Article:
One of the biggest considerations the NFL faced when discussing giving a Super Bowl to the New York/New Jersey area was the weather.
Although conference championships and other key playoff games have been blanketed by snow since the dawn of the NFL, the idea of having a Super Bowl — with all its pomp and circumstance — snowed on somehow felt different. But the league says it would lie down and do snow angels (virtually speaking, naturally) if it happened this coming February in the NFL's first cold-weather Super Bowl, according to the Associated Press.
"It would be disappointing if it didn't, quite frankly," NFL spokesman Brian McCarthy told the AP. "Weather and the elements are part of the game. And we are embracing it."
There will be roughly 78,000 game attendees who are at risk of getting frozen, but they are only part of the Super equation. There is the FOX broadcast crew, which typically places a stage on the field (or close to it) for the game. There are the pregame and halftime shows (better put on your mittens, Bruno Mars!), which require an incredible level of technical precision to pull off, even in dry, warm weather.
And then there is the overflow of media members covering the game, often 4,000 to 5,000 credentialed for the game but too many to fit in the press box, many of whom likely will be outdoors typing during the game (you're getting a wool hat for Christmas, Frank Schwab!).
But the host committee sees no problems with these things. In fact, in lieu of the Farmers' Almanac predicting a Snow-a-palooza for that weekend, the committee has decided to embrace the cold-weather idea — even creating a logo that includes a snowflake.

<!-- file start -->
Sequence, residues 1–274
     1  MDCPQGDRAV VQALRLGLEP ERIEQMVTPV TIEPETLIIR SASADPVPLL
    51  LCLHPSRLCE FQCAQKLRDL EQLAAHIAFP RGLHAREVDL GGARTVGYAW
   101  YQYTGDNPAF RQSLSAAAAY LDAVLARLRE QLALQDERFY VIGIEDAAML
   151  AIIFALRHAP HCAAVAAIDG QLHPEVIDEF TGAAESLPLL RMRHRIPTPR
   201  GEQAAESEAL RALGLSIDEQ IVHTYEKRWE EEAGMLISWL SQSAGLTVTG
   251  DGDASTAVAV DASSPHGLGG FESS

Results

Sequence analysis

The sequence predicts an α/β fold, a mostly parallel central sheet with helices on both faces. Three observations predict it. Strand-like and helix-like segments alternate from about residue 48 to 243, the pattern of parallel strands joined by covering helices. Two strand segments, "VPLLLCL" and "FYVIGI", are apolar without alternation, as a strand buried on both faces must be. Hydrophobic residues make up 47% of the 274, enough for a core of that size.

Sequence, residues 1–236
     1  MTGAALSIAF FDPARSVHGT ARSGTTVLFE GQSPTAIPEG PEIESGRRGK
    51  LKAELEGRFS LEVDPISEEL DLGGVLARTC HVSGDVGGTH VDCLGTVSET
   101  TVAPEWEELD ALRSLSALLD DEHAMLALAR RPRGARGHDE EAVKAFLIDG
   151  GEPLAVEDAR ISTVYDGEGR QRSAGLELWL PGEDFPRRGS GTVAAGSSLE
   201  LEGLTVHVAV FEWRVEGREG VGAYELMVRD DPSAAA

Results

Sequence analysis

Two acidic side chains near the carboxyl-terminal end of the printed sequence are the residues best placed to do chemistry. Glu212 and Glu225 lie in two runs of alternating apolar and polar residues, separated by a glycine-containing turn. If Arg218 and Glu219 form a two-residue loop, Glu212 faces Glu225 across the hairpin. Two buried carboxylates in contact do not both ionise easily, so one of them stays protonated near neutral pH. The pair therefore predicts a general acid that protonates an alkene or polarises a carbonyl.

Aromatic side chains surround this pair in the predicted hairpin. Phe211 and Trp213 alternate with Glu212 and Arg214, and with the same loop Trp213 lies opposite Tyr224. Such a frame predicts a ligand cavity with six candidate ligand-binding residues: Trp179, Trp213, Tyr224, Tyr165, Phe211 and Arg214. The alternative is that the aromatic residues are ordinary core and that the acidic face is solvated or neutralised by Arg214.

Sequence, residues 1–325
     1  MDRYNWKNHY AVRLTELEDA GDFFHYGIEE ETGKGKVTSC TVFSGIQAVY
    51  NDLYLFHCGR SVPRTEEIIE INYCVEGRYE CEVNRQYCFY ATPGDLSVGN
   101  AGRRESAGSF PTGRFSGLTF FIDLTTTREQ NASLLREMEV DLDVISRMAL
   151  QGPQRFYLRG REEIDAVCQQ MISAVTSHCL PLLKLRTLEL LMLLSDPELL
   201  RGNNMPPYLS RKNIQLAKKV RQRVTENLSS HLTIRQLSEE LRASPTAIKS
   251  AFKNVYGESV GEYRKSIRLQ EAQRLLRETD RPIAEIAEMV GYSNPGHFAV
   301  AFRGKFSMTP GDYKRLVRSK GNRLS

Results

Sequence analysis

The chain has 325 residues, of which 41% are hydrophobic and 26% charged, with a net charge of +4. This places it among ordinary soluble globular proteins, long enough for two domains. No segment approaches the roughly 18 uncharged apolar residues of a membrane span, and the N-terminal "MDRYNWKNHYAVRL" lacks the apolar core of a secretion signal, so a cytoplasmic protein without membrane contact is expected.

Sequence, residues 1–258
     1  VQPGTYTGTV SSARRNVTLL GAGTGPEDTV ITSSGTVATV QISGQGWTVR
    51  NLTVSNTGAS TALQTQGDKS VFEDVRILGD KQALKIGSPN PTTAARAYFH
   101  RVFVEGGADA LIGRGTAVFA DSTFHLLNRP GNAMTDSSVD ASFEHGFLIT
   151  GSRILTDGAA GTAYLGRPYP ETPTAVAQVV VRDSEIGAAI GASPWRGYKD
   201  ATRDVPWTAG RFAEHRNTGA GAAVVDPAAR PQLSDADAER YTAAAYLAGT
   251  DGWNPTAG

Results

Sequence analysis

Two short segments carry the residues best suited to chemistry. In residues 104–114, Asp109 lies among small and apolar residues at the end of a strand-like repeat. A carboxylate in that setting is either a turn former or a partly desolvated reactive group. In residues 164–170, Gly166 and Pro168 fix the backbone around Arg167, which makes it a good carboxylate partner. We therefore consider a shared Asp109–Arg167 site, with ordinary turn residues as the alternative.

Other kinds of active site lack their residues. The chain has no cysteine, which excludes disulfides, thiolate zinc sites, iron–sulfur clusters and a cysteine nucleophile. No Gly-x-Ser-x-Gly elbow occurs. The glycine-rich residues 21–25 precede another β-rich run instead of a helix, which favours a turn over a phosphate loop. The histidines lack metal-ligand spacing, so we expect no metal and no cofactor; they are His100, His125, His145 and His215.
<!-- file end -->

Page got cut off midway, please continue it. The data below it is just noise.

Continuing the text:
"It could mean windy. It could mean snow. We're not sure, obviously, what Mother Nature will throw our way," head of the NY/NJ Super Bowl Host Committee Al Kelly said.
The committee's tagline? S'cute: "Join the world's biggest huddle."
How to put this ... a Super Bowl crowd is typically different from your normal NFL game. It's largely corporate. It's more of a white-collar crowd, you might say. So will they mind getting whited out?
After all, what we all want is a great game. And you can't argue with the fact that some of the classic moments in NFL history have come adorned with snow.
So assuming you're not carrying a bunch of gold cards, here's the question: If you paid $2,600 apiece for tickets, or way more (we're looking at you Jay-Z ...), would you be cool getting dumped on during the game? Would it make it better or worse?
- - - - - - -
- American Football
- Sports & Recreation
- Super Bowl